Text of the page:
Marc Gold spends most of his time on the road. One month he may be in India or Afghanistan; the next he's in Cambodia or Vietnam, both of which he's visited numerous times. But he doesn't travel to see the sights. The retired community-college professor from San Francisco pursues his own brand of tourism: philanthropic travel. "I go where the poor people are," Mr. Gold says. Everywhere he goes, Gold performs acts of kindness, both random and preplanned. He rarely spends more than a few hundred dollars. "For people who live on a dollar or less a day, $50 can make a big difference," says Gold, who has been dubbed "the shoestring philanthropist." [Traveling to India in 1989] led to an epiphany. "I'd thought you had to be rich to do such things," he recalls. "I realized I had the power to help change people's lives." Back home, he asked a hundred friends for small donations and was soon back in India with $2,200. He then set up a nonprofit charity and called it 100 Friends. Two decades later, 100 Friends has some 4,000 members worldwide, and last year Gold raised $200,000. He continues fundraising via his portable office: a laptop, a digital camera, and a cellphone. "This is 80 percent of what I own," Gold says during a stopover in Bangkok, pointing at two duffel bags stuffed with his clothes, dog-eared paperbacks, and his large collection of wacky rubber masks. The latter he uses for clowning around with children from Tibet to Thailand. "I don't need much, and I'm free."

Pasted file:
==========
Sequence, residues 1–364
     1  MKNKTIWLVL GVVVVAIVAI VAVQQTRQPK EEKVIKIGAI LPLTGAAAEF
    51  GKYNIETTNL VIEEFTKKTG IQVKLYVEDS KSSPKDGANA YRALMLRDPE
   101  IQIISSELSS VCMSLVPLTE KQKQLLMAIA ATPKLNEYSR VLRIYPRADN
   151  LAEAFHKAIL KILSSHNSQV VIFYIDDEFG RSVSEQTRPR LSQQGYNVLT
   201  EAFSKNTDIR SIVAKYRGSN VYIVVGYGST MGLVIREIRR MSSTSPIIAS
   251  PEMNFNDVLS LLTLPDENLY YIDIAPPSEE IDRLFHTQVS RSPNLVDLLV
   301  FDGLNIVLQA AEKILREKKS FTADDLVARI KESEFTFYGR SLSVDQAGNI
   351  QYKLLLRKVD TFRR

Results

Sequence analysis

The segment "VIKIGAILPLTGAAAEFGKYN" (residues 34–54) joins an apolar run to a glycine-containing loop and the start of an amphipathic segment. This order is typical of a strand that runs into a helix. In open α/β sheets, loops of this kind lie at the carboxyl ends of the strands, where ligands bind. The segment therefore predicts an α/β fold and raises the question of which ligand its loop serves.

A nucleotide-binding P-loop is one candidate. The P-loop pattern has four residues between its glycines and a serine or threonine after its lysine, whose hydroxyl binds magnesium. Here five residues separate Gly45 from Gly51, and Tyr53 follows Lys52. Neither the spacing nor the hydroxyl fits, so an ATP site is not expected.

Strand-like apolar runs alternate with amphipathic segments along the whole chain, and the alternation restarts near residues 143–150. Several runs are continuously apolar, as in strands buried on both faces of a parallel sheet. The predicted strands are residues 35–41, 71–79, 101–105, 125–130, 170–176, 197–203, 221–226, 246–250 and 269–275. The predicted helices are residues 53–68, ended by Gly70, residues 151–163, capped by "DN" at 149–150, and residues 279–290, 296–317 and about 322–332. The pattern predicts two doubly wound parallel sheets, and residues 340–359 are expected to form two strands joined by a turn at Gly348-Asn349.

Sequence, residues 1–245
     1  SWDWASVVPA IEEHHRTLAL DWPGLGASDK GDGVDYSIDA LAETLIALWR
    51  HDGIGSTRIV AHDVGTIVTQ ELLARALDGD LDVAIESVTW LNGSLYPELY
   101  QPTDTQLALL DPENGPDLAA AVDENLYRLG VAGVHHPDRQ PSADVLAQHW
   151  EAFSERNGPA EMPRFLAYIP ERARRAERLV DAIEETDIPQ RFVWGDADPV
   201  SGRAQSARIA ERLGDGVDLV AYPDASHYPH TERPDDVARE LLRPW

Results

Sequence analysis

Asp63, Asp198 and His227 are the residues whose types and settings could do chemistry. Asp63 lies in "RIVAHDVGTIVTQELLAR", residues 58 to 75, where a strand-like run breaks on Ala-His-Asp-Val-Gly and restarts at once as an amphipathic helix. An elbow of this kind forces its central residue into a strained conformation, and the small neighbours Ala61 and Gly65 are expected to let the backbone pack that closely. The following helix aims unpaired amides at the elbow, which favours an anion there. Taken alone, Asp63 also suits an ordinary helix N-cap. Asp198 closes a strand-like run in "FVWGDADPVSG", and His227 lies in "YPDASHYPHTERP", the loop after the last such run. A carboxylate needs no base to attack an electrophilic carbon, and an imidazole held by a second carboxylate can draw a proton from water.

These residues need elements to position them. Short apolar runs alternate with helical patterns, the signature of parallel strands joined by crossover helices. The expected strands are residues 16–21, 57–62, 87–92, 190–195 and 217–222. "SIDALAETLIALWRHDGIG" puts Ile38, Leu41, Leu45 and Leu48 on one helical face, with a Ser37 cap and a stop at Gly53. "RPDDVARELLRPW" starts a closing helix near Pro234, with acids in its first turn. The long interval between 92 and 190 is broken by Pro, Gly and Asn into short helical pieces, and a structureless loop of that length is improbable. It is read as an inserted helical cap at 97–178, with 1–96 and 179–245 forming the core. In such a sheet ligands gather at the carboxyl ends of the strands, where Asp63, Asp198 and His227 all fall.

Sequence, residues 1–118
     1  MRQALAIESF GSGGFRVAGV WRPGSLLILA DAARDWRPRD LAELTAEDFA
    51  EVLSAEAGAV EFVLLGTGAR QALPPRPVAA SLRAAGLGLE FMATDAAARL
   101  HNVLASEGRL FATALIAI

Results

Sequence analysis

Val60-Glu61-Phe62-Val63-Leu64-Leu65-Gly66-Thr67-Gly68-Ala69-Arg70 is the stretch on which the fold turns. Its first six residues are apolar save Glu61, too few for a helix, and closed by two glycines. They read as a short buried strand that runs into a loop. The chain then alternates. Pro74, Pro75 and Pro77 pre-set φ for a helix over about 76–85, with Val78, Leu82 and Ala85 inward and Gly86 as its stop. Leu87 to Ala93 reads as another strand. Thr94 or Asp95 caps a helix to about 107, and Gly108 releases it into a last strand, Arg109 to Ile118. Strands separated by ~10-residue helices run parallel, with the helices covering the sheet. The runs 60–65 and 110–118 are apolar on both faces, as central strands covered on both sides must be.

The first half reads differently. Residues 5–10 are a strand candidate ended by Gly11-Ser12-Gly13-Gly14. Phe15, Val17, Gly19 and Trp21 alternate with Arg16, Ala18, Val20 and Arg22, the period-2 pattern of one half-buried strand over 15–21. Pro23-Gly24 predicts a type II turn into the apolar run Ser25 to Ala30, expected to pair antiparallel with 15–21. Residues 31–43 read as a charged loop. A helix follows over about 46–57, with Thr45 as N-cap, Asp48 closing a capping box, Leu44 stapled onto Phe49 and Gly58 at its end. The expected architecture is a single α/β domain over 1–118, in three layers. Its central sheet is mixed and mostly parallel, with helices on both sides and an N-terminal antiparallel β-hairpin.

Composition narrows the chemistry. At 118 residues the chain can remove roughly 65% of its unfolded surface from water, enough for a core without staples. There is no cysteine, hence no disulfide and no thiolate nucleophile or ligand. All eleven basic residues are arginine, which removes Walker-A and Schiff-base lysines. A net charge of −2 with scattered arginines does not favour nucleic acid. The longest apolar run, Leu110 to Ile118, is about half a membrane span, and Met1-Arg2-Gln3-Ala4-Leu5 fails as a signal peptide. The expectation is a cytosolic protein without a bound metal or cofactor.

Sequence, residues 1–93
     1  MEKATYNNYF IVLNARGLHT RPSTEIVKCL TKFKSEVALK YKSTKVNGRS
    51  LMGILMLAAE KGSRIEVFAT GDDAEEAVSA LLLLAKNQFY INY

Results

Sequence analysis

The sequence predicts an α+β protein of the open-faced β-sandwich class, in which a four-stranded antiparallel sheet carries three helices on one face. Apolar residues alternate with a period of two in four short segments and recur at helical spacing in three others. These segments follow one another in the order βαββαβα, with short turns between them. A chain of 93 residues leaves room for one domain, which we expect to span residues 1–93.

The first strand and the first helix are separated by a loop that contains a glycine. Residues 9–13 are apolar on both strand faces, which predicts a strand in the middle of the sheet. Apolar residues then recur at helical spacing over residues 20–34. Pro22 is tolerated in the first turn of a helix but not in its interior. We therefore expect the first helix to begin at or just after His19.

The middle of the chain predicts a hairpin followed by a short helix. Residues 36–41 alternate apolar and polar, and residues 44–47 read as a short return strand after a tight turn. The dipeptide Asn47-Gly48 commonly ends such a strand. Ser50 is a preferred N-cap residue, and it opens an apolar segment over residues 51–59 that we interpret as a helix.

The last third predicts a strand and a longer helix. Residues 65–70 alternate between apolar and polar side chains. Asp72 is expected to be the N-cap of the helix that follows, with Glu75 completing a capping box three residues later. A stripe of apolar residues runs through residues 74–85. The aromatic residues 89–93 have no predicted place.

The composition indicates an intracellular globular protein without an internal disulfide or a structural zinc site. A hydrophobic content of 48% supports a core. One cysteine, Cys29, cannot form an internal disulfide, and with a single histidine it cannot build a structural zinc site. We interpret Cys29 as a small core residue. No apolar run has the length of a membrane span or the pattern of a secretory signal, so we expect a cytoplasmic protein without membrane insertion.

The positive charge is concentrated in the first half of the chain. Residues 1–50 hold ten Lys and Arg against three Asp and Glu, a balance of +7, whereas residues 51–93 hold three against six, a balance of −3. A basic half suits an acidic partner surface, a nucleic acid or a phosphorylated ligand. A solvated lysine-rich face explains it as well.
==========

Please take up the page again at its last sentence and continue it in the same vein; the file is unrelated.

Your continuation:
Note: For a great collection of highly inspiring news articles, click here. For a treasure trove of inspiring resources calling us all to our greatness, click here.
European Orchestra to Perform in Gaza Strip
2011-05-02, Wall Street Journal
Posted: 2011-05-10 10:52:25